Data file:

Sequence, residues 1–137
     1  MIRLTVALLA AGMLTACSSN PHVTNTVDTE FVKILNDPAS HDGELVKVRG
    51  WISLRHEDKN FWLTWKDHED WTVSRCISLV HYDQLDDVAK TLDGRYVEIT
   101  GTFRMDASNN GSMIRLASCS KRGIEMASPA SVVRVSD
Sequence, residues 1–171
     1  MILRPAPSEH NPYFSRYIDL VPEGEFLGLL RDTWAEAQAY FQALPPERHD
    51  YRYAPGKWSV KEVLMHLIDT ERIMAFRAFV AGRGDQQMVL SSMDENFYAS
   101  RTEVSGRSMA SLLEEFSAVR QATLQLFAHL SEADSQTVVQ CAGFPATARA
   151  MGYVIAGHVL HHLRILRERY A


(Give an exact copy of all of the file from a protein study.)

Sequence, residues 1–137
     1  MIRLTVALLA AGMLTACSSN PHVTNTVDTE FVKILNDPAS HDGELVKVRG
    51  WISLRHEDKN FWLTWKDHED WTVSRCISLV HYDQLDDVAK TLDGRYVEIT
   101  GTFRMDASNN GSMIRLASCS KRGIEMASPA SVVRVSD
Sequence, residues 1–171
     1  MILRPAPSEH NPYFSRYIDL VPEGEFLGLL RDTWAEAQAY FQALPPERHD
    51  YRYAPGKWSV KEVLMHLIDT ERIMAFRAFV AGRGDQQMVL SSMDENFYAS
   101  RTEVSGRSMA SLLEEFSAVR QATLQLFAHL SEADSQTVVQ CAGFPATARA
   151  MGYVIAGHVL HHLRILRERY A